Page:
the earth is maintaining the essential quality of Shiba Inu.


Your article on the shiba as a hunting dog was very
interesting. Although I am surprised that you feel that the
breed could be losing its hunting instinct. My shibas LOVE
to hunt in fact they live to hunt. Every chance they get they
hunt. This overriding instinct is what makes the shiba so
difficult to train to be reliable off the lead. So much so that
the guide lines the Shiba Club here hand out to prospective
new owners is that they do not loose their shibas off lease.

I am one of the few people I know with shibas who lets them
run free and I am careful where I do. They do not
differentiate between wild life and farmer stock! I am lucky
to have some rough woodland near by where they do little
harm. It's overrun with rabbits so they have a good time and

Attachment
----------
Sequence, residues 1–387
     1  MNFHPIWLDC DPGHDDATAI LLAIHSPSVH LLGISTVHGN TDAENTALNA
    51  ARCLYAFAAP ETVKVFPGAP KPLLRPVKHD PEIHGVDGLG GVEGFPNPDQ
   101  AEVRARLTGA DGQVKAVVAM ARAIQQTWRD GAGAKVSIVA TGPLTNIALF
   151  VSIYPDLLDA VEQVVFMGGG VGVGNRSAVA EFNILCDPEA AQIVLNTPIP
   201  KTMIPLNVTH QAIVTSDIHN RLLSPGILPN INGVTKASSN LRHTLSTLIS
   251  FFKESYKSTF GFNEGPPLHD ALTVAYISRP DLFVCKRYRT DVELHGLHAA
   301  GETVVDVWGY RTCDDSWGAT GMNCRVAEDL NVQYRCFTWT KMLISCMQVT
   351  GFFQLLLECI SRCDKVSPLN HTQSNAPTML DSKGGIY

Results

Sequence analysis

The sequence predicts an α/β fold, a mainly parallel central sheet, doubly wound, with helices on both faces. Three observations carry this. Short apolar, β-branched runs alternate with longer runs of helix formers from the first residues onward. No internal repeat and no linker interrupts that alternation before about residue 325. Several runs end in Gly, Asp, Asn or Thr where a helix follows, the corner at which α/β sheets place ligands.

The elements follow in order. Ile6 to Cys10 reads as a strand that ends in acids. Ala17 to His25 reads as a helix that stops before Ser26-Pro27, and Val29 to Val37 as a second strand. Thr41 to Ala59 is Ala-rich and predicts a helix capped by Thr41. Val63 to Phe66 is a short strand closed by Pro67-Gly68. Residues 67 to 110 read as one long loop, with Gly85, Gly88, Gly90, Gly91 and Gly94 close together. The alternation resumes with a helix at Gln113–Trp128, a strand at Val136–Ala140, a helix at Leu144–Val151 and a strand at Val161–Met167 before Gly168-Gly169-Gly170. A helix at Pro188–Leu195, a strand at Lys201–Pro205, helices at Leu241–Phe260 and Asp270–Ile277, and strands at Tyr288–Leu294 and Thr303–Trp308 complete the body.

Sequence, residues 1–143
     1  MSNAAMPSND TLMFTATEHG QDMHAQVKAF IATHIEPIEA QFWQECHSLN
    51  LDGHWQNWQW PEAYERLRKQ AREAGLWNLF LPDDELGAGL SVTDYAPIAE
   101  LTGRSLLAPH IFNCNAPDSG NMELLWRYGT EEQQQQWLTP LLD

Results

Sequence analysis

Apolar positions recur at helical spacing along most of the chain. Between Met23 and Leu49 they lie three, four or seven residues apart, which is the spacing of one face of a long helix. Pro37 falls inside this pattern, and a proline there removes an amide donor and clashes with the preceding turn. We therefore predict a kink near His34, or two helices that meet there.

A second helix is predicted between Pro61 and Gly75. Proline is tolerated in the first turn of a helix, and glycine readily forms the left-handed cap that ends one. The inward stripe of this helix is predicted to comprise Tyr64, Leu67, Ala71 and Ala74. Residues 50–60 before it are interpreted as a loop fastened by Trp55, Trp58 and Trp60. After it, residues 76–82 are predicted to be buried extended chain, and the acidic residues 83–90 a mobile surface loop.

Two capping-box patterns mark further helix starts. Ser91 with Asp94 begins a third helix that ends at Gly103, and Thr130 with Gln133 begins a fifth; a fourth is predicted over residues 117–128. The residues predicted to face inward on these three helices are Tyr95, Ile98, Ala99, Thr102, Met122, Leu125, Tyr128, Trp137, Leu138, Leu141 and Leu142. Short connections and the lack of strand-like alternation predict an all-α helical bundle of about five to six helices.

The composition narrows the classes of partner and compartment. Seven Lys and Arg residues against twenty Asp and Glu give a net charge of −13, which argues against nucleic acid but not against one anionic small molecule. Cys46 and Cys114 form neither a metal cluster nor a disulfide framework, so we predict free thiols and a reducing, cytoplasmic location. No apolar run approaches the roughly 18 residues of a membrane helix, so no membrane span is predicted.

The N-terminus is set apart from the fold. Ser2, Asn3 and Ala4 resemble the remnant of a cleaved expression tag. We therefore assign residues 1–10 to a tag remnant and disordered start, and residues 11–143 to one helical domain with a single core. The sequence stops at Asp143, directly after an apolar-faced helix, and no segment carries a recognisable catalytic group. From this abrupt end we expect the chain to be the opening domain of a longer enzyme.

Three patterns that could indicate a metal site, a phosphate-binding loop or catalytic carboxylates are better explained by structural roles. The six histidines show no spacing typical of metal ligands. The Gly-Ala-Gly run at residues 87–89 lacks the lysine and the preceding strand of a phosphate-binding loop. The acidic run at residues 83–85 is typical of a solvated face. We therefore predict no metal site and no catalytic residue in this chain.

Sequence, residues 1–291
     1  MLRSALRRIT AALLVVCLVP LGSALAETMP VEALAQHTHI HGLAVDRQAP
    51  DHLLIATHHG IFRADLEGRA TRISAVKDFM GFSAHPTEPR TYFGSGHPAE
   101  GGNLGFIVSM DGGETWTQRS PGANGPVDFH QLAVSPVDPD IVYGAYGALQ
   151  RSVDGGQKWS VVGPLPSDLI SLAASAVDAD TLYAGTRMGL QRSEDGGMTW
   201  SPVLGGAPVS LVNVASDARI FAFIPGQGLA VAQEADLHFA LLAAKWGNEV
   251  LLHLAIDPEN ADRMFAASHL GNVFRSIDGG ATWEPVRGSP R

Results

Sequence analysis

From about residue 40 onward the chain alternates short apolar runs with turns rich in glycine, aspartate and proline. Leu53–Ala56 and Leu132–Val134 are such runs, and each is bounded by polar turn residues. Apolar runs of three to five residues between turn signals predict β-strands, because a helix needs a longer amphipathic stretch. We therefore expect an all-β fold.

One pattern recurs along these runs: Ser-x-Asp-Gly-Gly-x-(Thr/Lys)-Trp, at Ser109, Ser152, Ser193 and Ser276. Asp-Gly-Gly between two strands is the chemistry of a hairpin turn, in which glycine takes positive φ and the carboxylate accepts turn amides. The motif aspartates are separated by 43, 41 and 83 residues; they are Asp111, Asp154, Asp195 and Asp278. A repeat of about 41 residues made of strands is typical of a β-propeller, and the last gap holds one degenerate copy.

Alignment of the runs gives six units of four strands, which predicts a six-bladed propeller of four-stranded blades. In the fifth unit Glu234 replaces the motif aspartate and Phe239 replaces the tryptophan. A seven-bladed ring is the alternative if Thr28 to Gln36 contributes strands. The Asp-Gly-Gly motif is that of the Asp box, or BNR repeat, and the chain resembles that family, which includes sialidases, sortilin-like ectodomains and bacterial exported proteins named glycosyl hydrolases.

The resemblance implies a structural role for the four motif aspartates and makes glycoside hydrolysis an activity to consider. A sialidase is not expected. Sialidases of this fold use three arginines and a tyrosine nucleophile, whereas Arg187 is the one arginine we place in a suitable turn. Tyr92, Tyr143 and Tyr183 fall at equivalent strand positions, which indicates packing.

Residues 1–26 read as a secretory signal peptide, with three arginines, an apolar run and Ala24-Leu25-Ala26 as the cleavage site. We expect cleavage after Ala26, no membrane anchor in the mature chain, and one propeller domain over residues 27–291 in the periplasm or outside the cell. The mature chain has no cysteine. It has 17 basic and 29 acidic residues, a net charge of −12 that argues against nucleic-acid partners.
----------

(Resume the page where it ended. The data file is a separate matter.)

never cease to amaze me with their speed, agility and ability
to go through the densest of bush. I also by coincidence have
a German Pointer, as well as 3 English Pointers. The
German pointer tries his utmost to keep up with the shibas
but he cannot compete through bush and hillside. They can
get where he can only stand and watch. The English
Pointers don't like bush country ? they have very thin skin
so thorns and Brambles hurt them, but they excel on

I have seen 2 amazing hunting incidents with shibas, both
involved the same bitch. The first happened one day whilst
out walking. I came across a man hunting rabbits with nets,
4 lurchers and 2 terriers (lurchers are Greyhound X's in